You’re Not Designing If You Can’t Explain Your Design Decisions

Note: This is Part 10 of the Ruminations for Aspiring Designers series.

There’s always an explanation behind a design decision, however elusive it may be.

Don’t kid yourself into thinking that good design is somehow magic and it just happens naturally.

Even a good designer’s intuition comes from internalized patterns of expertise and experience.

Making design decisions without explanation is like having sex without consent.

In most other cases, it’s conventionally called “rape”.

In design, it’s called either “incompetence” or “poor management”.

It’s not uncommon that designers feel like being micromanaged because their management think they can design (a.k.a. making design decisions). That’s just a symptom of the management’s chronic lack of respect for the design expertise.

So there are two sides of the matter –

On one side, you have to be able to explain your design decisions, not only to yourself, but also to your stakeholders and clients. And you have to learn how to communicate it.

On the other side, you’d better be super cautious of all those command-and-control demands in the guise of “design feedback” from your peers and maybe especially from your management.

A “rape culture towards design” is perhaps one of the biggest challenges designers face in any organization.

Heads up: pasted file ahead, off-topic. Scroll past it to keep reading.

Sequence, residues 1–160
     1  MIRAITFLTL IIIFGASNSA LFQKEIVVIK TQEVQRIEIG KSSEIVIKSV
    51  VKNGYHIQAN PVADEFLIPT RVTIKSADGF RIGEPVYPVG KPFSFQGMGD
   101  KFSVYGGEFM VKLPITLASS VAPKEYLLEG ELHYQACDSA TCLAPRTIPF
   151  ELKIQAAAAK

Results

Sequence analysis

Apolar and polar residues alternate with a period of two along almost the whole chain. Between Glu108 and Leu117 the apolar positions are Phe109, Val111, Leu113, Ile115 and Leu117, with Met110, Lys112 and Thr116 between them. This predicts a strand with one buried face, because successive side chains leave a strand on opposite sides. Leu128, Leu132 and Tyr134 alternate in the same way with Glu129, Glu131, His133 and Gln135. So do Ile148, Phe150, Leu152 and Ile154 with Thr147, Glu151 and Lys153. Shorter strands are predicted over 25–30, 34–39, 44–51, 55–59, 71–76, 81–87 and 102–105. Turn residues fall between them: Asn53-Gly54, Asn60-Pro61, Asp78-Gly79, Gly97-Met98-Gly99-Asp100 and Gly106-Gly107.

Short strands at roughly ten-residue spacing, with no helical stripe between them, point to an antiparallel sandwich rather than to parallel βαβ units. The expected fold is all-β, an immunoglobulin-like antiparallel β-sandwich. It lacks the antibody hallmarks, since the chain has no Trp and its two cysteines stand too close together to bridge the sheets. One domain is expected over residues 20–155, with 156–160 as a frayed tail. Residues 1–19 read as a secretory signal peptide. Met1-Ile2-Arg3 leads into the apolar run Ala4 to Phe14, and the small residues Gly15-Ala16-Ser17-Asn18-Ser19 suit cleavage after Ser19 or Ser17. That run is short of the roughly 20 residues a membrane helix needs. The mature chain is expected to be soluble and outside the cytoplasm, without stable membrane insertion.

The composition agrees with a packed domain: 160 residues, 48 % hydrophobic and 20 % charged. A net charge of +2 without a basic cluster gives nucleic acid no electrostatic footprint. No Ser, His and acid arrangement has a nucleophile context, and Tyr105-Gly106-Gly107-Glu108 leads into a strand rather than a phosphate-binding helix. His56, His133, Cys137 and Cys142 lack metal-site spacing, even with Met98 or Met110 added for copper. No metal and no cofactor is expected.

How can we improve?

First, learn to articulate design decisions. If you can’t explain yourself, then nobody is obliged to take you and your design seriously. Yes, it becomes much harder when political, cultural and managerial influences get in the way. That’s part of the job. As a designer, you’re obliged to help others understand good design.

Secondly, learn to do design critique. Discussing design is as important as explaining it. In fact, discussion and debate are essential aspects of any proper design education.

If your work is so fragile that it can’t withstand criticism, it shouldn’t exist.

Mike Monteiro, Ruined by Design: How Designers Destroyed the World, and What We Can Do to Fix It (p. 21). Mule Books.

Lastly, climb to stand on giants’ shoulders through great design writings and from great design practitioners. It’s never too late to deepen your knowledge and broaden your philosophy.

Can you explain your design decisions well?

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